Sela Kiek began working as a dancer/teacher/choreographer after graduating from WAAPA and Adelaide University. Moving to the United Kingdom in 1996, she continued to further her experience of dance, performing and lecturing there until 2004. She continued to pursue her interest in site specific dance throughout this time, creating works for community and professional dancers in various sites, from historic buildings to neglected public places. Sela completed a Master of Philosophy researching site specific performance in 2003 and is undertaking her PhD at Deakin University, investigating audience/ performer spatial relationships in dance created for non-traditional performance venues.
This article is an account of Sela Kiek-Callan’s postgraduate research journey in “Dancing Design”, an exploration of affinities between architecture and dancing bodies which become manifest in embodied responses of weight, rhythm and intensity when dancers pay attention to the built environment in which they are encased.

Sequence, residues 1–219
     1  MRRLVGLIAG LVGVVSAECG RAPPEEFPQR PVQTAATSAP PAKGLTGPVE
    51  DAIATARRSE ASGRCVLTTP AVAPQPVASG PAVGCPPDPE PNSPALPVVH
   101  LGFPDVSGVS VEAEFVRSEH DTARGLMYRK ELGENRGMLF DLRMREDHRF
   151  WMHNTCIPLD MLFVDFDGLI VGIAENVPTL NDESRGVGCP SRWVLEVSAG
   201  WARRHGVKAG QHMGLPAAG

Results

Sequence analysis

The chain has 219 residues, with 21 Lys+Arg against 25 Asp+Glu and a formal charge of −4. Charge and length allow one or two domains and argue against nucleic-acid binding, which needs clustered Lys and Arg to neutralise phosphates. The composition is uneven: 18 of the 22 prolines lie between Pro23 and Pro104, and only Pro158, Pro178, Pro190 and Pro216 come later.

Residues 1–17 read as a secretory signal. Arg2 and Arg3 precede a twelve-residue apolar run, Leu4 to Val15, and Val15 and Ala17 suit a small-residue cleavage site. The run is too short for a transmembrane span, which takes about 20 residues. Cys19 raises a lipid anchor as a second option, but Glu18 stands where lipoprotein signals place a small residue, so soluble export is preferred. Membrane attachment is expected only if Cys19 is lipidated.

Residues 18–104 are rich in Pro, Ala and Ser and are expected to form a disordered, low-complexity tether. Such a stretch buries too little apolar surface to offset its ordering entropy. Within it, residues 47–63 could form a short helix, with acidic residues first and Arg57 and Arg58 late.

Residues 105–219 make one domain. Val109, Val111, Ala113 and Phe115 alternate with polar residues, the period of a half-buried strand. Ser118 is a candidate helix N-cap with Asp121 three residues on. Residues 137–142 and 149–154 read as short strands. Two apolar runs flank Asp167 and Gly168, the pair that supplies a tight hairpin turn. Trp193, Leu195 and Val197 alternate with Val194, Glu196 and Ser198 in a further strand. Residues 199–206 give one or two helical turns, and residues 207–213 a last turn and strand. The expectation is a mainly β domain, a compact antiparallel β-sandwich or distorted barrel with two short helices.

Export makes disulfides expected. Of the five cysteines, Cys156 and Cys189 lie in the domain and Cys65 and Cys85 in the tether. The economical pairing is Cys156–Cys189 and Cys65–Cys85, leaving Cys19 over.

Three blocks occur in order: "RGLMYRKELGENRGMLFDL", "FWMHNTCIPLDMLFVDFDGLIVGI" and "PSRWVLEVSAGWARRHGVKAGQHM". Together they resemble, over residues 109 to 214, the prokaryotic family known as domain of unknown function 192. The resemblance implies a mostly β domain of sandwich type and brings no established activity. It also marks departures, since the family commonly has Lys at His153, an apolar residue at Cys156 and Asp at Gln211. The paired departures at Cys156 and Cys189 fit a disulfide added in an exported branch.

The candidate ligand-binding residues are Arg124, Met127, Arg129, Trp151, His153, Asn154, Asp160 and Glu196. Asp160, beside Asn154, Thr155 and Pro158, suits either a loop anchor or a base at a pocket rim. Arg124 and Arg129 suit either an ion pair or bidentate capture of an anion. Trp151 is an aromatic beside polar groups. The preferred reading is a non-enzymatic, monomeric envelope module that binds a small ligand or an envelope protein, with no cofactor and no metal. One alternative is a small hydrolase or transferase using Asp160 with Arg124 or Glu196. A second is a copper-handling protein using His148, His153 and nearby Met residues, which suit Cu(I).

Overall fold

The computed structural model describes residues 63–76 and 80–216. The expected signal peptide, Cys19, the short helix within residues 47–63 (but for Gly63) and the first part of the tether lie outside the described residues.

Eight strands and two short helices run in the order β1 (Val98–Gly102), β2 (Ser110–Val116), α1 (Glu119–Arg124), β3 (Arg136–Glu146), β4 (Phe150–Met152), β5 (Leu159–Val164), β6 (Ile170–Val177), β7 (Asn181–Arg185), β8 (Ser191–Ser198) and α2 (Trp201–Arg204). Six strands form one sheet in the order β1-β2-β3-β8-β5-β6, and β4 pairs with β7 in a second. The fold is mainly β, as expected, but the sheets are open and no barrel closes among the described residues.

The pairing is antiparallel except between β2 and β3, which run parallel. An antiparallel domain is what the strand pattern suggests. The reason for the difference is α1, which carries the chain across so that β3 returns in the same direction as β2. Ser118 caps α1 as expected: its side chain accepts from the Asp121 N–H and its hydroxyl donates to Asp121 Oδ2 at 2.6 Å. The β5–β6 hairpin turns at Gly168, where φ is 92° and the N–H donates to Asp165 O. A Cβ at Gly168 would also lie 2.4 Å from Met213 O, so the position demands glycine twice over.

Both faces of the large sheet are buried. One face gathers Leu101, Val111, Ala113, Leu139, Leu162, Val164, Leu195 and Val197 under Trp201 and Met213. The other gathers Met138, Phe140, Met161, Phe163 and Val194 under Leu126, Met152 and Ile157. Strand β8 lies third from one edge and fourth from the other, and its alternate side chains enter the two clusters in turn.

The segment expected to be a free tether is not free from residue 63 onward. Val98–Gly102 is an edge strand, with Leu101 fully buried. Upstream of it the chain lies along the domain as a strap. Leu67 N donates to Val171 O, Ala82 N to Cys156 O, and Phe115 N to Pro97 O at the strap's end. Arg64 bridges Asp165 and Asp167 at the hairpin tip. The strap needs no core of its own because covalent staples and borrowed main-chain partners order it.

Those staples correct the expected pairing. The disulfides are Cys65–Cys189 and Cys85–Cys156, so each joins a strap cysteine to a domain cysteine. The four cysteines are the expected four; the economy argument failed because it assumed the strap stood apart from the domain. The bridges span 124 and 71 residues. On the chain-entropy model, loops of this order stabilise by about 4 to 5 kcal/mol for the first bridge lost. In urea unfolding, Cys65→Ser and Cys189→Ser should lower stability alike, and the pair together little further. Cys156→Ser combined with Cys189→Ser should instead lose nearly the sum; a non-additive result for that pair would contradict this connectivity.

This essay overviews Sela Kiek's study into Western tourist practices and explains how this research informed her creative strategies for Circulate (2004), a site-specific movement piece that responded to the Hawthorn Town Hall, Melbourne.
This paper investigates how dance performance can challenge our usual perception and use of the performance site and as a result encourage artists to re-think the way we make dance for non-theatre sites. Discussion pertains to our relationships to the built environment and the influence of architectural practices on our experience of places. This leads to an exploration of my creative strategies for a site specific work created in 2007 for university students, at a centrally located area of their campus. The student project paved the way for my thinking in regard to my current doctoral studies which seeks to reveal how we understand built structures through our own bodily schema while at the same time the built environment informs our bodily state.